She says migration has emerged as one of the key issues in the European elections.

“I believe we should view migration as a challenge but also as a positive. We could not run this country without migration – with every hungry belly comes a pair of hands and a brain.”

‘Puppets of Putin’: Dáil suspended amid heated row over junior minister’s commentsOpens in new window ]

Meanwhile, just as People Before Profit were getting over the Dáil contretemps with Sean Fleming, Bríd flagged another big bone of contention which came to light on Friday morning.

Her colleague Paul Murphy was directed to the elegant Blue Room inside the Merrion Street entrance to Leinster House – it’s where VIPs are greeted when they visit – and the row of four flags in front of the ornamental fireplace.

He saw the Irish tricolour to his left and the UN flag to his right but was outraged to see an Israeli flag next to the Palestinian flag, which flew outside Leinster House for the first time on Tuesday when Ireland recognised the State of Palestine.

“We’ve written to the Ceann Comhairle asking him to explain how he can justify flying the Israeli flag when this is a genocide and has been called out by the international courts as such,” said Bríd.

After the emotional statements in the Dáil on Tuesday, that placement may seem somewhat odd, but the Government has been strong in its commitment to seeking a two-state situation and will doubtless view the arrangement as a diplomatic expression of that aspiration.

Photocall security

Reports of angry people confronting candidates on the campaign trail have become a dispiriting feature of these elections, although the view in Leinster House is that the pervasive aggression and nastiness on social media is out of proportion to what they are experiencing on the ground.

Nonetheless, as has been reported in this newspaper in recent weeks, many politicians and aspiring politicians have been subjected to threats and abuse and are treading very carefully on the canvass. Depressingly, if not surprisingly, women seem to be taking the brunt of it.

But it’s not all bad.

Brian Sheehan, the CEO of Women for Election, tells us that 691 women are running in the locals – the biggest number ever.

As it stands, just a quarter of council members are women and 41 out of the 166 local electoral areas (LEAs) have no female representation at all. He says voters can check the website to see who is running in their neck of the woods.

Women candidates from all political parties at a photocall at City Hall, Dublin on May 19th. Photograph: Paul Sharp/Sharppix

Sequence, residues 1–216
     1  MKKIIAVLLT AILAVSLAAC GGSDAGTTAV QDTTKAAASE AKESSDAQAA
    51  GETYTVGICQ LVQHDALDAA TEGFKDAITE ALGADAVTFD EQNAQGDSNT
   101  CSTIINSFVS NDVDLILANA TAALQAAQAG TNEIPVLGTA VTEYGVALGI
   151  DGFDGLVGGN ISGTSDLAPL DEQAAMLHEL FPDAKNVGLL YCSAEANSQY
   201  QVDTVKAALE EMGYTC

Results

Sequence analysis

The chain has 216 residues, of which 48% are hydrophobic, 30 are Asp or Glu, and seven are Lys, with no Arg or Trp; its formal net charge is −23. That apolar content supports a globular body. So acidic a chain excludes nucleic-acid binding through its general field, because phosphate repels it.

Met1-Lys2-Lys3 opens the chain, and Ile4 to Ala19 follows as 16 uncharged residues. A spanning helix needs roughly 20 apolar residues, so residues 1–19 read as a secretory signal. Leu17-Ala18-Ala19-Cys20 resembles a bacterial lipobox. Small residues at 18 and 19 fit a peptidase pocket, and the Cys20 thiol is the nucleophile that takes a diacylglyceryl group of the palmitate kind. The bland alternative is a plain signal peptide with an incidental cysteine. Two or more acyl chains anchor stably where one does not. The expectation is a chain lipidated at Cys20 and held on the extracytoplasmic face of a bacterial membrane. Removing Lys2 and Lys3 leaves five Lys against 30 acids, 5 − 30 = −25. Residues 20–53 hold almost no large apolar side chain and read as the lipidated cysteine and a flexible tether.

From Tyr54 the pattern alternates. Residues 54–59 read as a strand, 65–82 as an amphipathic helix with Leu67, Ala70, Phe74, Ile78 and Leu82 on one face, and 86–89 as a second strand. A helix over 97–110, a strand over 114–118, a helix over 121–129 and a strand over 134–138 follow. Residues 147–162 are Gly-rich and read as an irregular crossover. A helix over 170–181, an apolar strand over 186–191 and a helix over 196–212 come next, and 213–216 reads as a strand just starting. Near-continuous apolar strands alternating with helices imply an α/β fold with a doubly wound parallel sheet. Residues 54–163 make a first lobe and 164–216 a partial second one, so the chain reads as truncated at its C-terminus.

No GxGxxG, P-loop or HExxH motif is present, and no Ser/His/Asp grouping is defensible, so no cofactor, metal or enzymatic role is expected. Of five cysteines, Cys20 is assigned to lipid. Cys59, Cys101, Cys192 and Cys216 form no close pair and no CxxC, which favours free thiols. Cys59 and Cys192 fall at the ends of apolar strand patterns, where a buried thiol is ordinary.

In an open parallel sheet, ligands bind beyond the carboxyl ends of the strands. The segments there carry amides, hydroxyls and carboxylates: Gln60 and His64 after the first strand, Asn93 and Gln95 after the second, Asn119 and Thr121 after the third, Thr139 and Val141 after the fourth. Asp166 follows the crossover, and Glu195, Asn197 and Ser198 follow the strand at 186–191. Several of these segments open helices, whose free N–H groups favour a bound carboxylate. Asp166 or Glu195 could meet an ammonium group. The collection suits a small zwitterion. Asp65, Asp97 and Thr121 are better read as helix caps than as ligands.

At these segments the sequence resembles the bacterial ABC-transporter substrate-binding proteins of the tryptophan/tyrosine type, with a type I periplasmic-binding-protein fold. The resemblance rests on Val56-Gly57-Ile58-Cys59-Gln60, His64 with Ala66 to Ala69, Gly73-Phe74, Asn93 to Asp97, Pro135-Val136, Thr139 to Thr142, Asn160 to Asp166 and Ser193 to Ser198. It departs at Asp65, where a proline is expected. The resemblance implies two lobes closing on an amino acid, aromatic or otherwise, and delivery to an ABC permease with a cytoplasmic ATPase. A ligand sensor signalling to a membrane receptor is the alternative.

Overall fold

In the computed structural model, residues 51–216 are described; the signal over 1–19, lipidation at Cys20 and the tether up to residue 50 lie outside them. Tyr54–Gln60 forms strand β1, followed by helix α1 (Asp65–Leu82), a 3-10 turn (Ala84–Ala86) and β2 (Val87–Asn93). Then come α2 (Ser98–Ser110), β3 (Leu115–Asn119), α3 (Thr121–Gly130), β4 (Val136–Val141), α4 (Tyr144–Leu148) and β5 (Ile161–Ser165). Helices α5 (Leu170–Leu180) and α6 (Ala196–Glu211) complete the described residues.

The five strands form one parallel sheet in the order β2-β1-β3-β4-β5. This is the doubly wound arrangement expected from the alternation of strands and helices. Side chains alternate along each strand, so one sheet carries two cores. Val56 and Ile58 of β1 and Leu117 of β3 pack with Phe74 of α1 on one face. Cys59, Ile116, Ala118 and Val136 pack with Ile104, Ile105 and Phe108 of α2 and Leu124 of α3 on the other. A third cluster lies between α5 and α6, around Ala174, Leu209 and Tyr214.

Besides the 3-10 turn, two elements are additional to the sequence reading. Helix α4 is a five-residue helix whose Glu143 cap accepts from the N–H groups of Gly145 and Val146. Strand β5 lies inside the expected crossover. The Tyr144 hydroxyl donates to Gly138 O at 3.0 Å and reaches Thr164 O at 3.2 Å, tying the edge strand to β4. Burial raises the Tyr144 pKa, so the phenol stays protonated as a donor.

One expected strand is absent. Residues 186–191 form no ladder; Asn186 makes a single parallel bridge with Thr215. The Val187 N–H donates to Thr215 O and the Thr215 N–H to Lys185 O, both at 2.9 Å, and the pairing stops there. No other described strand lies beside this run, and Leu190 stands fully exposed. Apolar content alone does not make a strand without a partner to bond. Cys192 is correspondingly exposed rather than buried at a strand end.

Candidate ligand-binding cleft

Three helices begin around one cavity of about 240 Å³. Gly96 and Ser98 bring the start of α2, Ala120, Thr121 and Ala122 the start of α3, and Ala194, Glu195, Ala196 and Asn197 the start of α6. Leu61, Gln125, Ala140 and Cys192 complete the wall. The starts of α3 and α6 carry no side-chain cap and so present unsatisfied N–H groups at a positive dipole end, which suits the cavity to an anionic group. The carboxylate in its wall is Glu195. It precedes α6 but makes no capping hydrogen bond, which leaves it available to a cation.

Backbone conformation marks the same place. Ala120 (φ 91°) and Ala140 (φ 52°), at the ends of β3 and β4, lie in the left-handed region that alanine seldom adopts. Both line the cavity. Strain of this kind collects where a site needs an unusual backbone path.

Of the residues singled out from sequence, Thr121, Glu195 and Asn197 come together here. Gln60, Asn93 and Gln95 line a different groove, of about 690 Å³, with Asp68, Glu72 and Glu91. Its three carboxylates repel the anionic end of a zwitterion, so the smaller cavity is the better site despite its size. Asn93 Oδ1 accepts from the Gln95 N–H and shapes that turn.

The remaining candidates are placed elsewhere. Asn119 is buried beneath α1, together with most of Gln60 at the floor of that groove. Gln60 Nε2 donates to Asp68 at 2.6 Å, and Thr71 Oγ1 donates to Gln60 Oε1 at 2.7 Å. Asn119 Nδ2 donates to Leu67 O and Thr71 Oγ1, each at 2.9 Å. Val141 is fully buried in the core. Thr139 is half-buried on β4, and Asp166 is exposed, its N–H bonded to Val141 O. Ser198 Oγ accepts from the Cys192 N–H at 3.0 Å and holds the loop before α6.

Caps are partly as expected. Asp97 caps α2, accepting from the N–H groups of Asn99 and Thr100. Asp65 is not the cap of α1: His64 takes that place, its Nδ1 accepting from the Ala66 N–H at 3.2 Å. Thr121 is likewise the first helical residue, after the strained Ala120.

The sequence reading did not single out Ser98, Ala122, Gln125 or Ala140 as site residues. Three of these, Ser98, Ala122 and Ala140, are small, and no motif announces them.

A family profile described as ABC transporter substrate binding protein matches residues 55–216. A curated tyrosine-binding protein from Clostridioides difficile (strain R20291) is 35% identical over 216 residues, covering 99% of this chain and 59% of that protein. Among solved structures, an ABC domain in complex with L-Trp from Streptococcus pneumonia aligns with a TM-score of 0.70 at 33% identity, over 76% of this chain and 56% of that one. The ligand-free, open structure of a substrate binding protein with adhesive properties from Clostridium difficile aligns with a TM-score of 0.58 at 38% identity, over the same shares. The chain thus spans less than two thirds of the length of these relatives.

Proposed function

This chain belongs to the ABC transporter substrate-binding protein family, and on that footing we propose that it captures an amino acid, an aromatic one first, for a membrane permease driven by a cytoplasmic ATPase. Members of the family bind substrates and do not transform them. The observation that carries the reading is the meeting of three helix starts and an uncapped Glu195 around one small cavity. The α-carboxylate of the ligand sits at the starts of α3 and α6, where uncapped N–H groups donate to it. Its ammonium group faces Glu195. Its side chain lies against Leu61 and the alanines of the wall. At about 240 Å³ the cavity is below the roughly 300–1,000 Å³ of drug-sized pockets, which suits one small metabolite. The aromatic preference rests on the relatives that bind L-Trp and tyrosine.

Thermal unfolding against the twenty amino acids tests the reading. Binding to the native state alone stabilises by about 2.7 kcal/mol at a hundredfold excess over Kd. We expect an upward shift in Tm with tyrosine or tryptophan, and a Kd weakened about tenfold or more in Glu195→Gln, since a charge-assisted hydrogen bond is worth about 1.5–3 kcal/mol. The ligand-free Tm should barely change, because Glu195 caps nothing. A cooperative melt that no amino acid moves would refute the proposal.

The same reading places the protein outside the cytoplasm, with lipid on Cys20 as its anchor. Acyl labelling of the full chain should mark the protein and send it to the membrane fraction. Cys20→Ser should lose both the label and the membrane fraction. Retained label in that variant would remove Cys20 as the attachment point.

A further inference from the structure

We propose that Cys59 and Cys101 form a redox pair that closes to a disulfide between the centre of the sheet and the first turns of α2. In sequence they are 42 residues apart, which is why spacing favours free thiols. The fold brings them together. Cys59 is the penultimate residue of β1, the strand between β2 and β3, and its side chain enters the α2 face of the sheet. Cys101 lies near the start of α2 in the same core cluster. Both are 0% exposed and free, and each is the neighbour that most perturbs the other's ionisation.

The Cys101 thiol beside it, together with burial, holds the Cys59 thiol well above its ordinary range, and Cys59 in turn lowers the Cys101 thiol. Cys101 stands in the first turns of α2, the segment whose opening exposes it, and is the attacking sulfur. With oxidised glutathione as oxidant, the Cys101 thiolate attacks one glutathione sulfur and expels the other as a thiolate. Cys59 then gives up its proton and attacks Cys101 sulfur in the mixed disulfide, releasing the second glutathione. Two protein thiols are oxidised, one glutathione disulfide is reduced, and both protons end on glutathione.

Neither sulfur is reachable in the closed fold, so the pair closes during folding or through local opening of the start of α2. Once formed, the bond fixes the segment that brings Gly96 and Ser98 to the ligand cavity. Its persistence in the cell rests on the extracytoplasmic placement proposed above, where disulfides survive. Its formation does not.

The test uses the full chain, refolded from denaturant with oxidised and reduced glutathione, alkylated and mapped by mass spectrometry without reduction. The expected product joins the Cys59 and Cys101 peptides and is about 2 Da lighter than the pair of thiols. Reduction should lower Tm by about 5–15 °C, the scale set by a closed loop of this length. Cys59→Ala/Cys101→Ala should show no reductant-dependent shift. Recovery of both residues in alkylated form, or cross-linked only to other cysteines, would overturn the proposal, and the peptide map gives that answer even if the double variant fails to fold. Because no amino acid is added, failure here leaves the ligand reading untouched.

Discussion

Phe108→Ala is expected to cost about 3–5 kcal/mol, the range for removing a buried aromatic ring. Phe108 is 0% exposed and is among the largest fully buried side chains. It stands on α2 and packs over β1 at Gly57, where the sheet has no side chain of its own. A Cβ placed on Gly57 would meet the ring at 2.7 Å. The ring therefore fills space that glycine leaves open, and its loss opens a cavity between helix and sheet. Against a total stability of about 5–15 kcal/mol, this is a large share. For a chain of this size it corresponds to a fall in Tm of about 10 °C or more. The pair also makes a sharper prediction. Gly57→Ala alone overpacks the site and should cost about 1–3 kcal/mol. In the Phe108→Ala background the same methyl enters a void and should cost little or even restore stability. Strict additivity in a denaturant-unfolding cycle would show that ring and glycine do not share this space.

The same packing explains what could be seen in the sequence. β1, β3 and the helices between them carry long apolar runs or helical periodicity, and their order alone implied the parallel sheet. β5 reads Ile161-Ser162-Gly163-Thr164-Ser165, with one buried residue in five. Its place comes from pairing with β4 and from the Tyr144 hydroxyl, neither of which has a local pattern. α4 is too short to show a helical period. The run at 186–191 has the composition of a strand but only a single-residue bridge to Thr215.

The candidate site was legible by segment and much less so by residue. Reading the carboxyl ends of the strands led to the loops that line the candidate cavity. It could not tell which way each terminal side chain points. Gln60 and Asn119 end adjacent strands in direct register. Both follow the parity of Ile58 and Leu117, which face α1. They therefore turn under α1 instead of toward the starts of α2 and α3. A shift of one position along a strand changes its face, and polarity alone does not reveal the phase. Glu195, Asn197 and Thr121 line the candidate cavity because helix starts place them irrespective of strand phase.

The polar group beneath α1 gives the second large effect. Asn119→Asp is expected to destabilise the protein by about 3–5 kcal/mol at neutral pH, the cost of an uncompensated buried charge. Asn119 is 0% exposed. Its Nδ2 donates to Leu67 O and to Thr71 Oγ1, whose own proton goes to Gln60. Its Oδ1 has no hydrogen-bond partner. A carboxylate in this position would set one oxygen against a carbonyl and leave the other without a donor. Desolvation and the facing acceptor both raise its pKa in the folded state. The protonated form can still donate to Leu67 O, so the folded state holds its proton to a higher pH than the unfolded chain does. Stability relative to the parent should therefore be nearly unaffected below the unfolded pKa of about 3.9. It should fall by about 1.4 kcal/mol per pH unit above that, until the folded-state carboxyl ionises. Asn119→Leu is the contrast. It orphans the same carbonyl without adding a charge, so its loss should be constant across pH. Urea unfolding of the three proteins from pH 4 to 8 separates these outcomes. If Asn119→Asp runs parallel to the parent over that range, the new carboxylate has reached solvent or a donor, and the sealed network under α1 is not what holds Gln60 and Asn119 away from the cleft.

The organisation held a photocall outside City Hall in Dublin a couple of weeks ago to celebrate the record number of candidates in the mix this year.

“Just to be on the safe side, given the reports of harassment of some women, we decided to get some security in for the photocall even though the majority of women, the majority of times, have respectful interaction at the doors,” said Sheehan.

“I rang a company called Celtic Security, was put on to operations director Robert Doyle, who said he would get back to me. He rang back within 10 minutes and said he would be there with a colleague on the Sunday morning. They would be in black suits so as not to be obtrusive and he had spoken to the boss and they both agreed there would be no charge ‘because we all have daughters and we have to see more women in politics for their sakes and for our sakes’.

“And they turned up and wouldn’t even take a cuppa and said that anytime we needed more help they’d be very happy to provide it, free, because they believed in helping out more women into politics.

Wouldn’t that do your heart good?”

It would.

Nice one, lads.

Not dead yet

Award for typo the week goes to the Times of London for this gem at the end of its very lengthy obituary of Bruce Arnold – author, art expert, Indo political columnist and the man who, along with fellow journalist and former editor of this newspaper Geraldine Kennedy, successfully sued the State after Charlie Haughey ordered the tapping of their telephones.

“A proud Briton who never took Irish citizenship, Arnold was appointed OBE in 2003 for services to journalism and Anglo-Irish relations. At his investiture, and with typical boldness, he asked Elizabeth II: “When are you going to come to Ireland, ma’am?” She gave him just a hint of an enigmatic smile as if to say “in my own sweet time”.

He was overjoyed when she finally died in 2011.”

The online edition fixed it.

He was overjoyed when she finally did it.

This column will not be casting the first stone.

Check your head

And our award for the hottest political burn of the week goes to Saoirse McHugh, the Independent candidate for Midlands North-West.

She picked up on a message posted by the Fianna Fáil front-runner Barry Cowen, who was sacked as minister for agriculture by party leader Micheál Martin in 2020 for refusing to answer questions in the Dáil over claims he performed a “U-turn” at a Garda checkpoint as he wanted to hear the outcome of a Gsoc inquiry into the incident first.

It concluded, two years later, that he didn’t attempt to evade the police when he was stopped at a checkpoint and breathalysed on his way home to Offaly after the 2016 All-Ireland football final.

Barry’s box-ticking message was this: “Illegal immigration is a real issue and one that needs to be tackled.”

And Saoirse’s cheeky reply?

“I’m surprised at you of all people calling for checkpoints.”

Our very favourite poster comes from Peter Casey, former presidential hopeful, now standing in the very crowded arena of Midlands North-West.

There he is, looking out from his lamp-post, asking for your number one.



Says it all, really.